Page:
Early indigenous inhabitants lived in the area as far back as 10,000 years ago, naming the region Charcas. Not much is known about these people, other than they lived in relative harmony with the land and neighboring tribes. In the 15th century, the Incas marched in and took control of the region against little resistance, remaining in power until the arrival of the Spanish.
In the early 16th century, the Spanish came in and dominated the Incas, founding Villa de la Plata de la Nueva Toledo in 1540. The city was more commonly referred to as La Plata (silver) in reference to the silver-rich mines discovered in nearby Potosí. These mines made the Spaniards flush with wealth, enabling them to spend enormous amounts of money to build Sucre into the elegant city of exquisite neo-classical architecture that can be seen today. La Plata was given the authority to rule over vast regions of present day Argentina, Paraguay, Chile, Bolivia and Peru. It was, at the time, one of the most important cities of the Spanish New World Empire.
In 1776, the Spanish founded El Viceroy de la Río de La Plata in Buenos Aires to take authority over the entire region. To ensure there was no confusion between the two jurisdictions, La Plata was renamed as Chuquisaca, a poorly pronounced Spanish version of the original indigenous Charcas settlement of Choquechaca. Most of Chuquisaca’s power was lost to Buenos Aires, and the excessive influx of wealth from the nearby Potosí mines slowed down to a trickle. This sent the city into an economic and political decline which eventually led to an uprising by students and nationalists dubbed El primer grito de la libertad – “the first cry of liberty” – on May 25, 1809, a day that is widely celebrated across the continent. The uprising began that day with the ringing of a bell in the San Francisco Basilica in the city center, an action carried out with such vigor that the bell actually broke – the remnants can be seen in a Sucre museum.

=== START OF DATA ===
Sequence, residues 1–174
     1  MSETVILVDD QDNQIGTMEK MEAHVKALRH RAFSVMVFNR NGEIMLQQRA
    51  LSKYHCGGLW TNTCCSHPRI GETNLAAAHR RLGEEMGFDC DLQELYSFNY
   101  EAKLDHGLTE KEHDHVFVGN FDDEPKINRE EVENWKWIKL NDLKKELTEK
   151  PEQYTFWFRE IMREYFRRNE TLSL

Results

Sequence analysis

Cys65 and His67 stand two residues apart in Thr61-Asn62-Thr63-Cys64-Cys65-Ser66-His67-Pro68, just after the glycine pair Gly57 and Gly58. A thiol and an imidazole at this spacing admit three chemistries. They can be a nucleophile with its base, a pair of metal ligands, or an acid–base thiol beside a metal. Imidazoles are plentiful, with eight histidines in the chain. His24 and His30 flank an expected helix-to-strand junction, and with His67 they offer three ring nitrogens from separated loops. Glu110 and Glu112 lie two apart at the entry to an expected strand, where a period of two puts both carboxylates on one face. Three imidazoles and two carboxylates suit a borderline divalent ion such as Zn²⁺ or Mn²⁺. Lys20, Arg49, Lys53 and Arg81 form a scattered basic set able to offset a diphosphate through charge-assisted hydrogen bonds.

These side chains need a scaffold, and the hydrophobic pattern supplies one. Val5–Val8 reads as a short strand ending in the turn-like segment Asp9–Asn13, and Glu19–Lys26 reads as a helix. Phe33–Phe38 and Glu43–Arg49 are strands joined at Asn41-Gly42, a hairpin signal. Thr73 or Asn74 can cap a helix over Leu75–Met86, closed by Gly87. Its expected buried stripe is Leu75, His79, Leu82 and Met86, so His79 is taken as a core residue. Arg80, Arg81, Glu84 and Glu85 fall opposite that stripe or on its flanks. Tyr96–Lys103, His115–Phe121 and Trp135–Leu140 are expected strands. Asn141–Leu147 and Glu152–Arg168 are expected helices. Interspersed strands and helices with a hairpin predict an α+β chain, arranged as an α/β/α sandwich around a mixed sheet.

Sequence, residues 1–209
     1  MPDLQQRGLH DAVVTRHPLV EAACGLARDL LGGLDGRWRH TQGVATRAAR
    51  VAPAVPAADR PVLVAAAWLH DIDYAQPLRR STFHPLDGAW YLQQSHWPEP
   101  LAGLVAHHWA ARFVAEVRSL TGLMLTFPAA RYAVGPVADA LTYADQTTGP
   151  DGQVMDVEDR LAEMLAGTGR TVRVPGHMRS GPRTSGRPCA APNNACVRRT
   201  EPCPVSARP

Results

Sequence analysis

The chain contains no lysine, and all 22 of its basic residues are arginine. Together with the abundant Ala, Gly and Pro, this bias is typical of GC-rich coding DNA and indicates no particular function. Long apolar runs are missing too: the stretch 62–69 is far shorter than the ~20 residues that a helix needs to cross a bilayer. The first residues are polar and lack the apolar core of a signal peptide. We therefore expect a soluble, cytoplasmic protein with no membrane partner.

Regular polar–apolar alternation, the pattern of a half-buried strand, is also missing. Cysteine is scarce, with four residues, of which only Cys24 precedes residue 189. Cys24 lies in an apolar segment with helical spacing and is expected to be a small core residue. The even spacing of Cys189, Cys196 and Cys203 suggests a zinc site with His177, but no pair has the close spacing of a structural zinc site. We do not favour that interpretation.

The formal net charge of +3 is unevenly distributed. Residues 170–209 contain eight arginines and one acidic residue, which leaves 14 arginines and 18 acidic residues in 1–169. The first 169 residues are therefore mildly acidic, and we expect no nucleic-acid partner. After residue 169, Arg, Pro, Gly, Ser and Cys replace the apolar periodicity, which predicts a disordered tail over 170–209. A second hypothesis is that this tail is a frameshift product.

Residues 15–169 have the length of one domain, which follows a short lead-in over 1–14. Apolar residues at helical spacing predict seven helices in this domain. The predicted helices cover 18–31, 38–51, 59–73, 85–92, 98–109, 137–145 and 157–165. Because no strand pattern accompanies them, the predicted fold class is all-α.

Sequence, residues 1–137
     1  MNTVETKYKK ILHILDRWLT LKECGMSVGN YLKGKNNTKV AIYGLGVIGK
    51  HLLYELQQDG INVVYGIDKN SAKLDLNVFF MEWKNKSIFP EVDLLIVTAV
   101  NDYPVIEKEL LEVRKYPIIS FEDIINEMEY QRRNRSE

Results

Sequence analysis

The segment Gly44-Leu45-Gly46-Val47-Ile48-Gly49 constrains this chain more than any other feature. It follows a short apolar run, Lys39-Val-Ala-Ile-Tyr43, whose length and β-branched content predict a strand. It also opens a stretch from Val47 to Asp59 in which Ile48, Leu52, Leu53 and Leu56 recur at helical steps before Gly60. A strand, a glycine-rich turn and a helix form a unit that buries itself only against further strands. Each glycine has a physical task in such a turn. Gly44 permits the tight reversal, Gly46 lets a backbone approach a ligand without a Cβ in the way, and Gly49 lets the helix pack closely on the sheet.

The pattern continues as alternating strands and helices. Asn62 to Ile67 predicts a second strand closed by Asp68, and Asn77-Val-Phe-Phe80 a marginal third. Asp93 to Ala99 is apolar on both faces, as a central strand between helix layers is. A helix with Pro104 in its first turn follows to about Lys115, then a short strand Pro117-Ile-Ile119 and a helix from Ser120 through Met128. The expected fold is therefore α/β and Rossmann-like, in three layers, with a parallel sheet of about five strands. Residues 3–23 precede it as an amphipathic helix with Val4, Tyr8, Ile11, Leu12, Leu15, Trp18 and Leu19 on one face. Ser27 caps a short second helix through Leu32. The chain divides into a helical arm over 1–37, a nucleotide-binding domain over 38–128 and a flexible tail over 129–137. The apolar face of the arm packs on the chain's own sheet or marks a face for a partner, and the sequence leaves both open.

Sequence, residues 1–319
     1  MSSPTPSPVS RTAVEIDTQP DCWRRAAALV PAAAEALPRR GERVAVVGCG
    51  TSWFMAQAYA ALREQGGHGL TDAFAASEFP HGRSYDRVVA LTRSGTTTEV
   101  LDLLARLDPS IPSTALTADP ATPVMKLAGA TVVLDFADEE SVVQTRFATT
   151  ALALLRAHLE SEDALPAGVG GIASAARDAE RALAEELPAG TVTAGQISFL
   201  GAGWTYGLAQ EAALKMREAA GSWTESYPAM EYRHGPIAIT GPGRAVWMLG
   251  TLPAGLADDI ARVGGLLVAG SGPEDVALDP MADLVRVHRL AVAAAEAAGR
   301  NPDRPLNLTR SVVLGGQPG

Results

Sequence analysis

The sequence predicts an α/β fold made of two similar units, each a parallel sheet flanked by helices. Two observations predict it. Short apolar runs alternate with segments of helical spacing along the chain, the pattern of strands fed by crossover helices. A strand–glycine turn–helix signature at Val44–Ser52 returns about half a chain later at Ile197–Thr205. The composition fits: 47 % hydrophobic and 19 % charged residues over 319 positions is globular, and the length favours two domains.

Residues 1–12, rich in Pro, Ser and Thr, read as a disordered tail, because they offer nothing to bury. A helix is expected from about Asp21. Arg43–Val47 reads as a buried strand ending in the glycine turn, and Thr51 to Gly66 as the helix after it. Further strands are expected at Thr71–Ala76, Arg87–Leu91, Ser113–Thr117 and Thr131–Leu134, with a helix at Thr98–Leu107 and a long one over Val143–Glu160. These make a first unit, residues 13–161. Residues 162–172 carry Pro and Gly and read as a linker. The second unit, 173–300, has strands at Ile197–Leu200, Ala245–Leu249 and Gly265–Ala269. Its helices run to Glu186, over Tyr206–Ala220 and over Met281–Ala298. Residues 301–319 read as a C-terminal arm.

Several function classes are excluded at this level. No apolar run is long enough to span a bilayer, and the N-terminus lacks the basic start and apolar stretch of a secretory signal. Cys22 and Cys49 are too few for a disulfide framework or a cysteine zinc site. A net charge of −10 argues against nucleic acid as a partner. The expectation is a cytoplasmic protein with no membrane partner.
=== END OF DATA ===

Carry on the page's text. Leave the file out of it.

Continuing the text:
Bolivia was the first country in Latin America to declare independence, a monumental moment that inspired the entire continent to follow suit. But it was also the last to achieve it, not breaking free from Spanish rule until 1825 after a series of long and drawn out battles.
Simón Bolívar, a distinguished war hero and leader of the independence movement, was awarded the title of president of the new nation. He served just a few months before voluntarily passing it on to his war time companion, Antonio José de Sucre. In 1839, La Plata was proclaimed the capital of Bolivia and given the name of Sucre to honor the former president. Later that century, a fierce civil war ensued which ultimately stripped Sucre of many of its powers. While still recognized as the official capital under the Bolivian constitution, Sucre only remains in control over the judicial branch of government, with the rest falling under the authority of La Paz.